A hundred years ago, it was impossible for companies to quantify most of what they did to grow. “Half the money I spend on advertising is wasted; the trouble is I don’t know which half,” advertising pioneer John Wanamaker famously bemoaned.
Now people have access to mounds of data on everything from customer acquisition to long-term retention. Every aspect of a business’ marketing efforts seems trackable and testable. But what we have now is the inverse of Wanamaker’s problem.
It’s strange, but we actually have too much data. Studies have shown that giving someone a bunch of information about a problem does not necessarily help them solve it any better.
The extra information is often a distraction at best, and actively misleading at worst.
At Help Scout we’ve invested in things that an entirely data-driven approach would never have prescribed, because we know they work and measuring success to the dollar is less important. That’s not to say that it hasn’t been difficult, or rigorous: it’s really hard, and often unpredictable. But we’ve found the less measurable marketing channels are more defensible.
Get comfortable with uncertainty
The problem with data is that it has no way of knowing what makes your product or your business special. When you put all your trust in your metrics and the market, you lose the vision and perspective that led you to start your company in the first place. You close yourself off to the possibilities beyond the numbers, the opportunities that you have to create new things.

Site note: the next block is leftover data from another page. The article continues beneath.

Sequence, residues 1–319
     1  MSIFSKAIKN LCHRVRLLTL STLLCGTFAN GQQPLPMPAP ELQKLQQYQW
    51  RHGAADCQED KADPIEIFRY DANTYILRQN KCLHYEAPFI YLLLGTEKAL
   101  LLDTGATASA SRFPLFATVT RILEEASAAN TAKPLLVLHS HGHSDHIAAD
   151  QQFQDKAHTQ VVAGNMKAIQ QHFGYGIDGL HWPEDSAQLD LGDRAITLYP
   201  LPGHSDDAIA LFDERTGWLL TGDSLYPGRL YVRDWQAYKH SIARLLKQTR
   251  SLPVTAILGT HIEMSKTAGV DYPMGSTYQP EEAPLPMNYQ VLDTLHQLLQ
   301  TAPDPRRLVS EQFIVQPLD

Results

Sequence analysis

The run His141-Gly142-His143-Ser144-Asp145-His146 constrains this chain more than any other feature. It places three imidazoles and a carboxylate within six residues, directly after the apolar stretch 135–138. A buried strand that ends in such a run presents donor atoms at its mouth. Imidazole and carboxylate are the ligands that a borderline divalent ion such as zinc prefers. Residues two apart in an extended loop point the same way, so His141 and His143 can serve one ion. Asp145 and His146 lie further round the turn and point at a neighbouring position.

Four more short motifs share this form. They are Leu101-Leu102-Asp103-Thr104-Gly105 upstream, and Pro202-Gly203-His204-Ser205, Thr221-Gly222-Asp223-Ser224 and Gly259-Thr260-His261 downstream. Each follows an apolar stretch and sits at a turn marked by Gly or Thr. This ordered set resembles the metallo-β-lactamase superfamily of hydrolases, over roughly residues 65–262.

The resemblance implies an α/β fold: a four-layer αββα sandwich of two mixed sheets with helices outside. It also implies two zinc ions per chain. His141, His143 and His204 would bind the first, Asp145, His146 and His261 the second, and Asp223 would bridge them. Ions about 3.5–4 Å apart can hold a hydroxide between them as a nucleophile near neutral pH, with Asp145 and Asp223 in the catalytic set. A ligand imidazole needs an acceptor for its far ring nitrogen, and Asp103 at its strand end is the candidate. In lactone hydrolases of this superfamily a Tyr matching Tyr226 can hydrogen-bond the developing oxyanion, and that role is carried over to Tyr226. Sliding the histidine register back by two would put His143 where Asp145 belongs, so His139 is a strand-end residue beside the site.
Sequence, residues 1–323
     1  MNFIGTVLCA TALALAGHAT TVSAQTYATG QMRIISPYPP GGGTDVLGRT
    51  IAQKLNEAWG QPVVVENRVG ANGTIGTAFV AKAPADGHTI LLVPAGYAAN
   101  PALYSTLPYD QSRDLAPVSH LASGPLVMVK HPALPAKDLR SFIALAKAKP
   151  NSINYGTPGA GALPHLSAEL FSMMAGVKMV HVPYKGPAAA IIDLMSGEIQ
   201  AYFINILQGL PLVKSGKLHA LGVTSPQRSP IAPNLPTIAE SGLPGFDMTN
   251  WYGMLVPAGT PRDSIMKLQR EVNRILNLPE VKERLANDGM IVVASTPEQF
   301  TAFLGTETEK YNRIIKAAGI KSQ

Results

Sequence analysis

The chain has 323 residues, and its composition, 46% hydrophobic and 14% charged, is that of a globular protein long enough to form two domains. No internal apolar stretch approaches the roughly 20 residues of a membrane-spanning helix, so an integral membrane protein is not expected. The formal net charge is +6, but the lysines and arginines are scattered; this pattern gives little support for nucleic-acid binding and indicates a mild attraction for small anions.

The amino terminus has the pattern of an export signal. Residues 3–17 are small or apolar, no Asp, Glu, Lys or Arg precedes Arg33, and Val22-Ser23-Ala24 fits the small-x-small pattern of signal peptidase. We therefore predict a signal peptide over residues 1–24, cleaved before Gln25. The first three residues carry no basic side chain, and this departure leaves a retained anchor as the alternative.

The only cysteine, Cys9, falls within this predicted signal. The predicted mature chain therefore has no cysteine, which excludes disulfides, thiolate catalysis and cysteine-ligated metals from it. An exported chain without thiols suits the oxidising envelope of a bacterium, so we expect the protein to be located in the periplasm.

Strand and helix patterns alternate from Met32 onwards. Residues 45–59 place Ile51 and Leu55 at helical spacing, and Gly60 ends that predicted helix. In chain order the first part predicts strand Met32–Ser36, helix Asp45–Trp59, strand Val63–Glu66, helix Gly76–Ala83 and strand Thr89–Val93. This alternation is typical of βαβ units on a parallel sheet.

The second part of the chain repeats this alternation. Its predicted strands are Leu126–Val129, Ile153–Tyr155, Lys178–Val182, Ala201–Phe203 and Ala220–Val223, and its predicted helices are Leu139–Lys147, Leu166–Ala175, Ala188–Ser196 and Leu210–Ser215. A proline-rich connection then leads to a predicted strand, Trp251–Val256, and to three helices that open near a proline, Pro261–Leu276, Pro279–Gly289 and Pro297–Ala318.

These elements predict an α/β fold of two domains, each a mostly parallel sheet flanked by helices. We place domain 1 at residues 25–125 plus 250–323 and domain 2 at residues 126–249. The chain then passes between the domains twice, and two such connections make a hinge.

You lose touch with the things that matter.
Let’s say you’re considering delaying your project launch by six weeks so you can re-design a few critical flows in your app’s UI. On the one hand, delaying your launch means tying up x of your designers, each of whom gets paid $y per hour, and prevents them from working on other projects. Tack on an opportunity cost of $z.
On the other hand, dedicating those six weeks to polishing the experience could be the thing that really takes your product from good to great for customers. Maybe you had an eleventh hour design revelation that changed everything. That may be true. But you can’t pull up a spreadsheet a year later and prove it.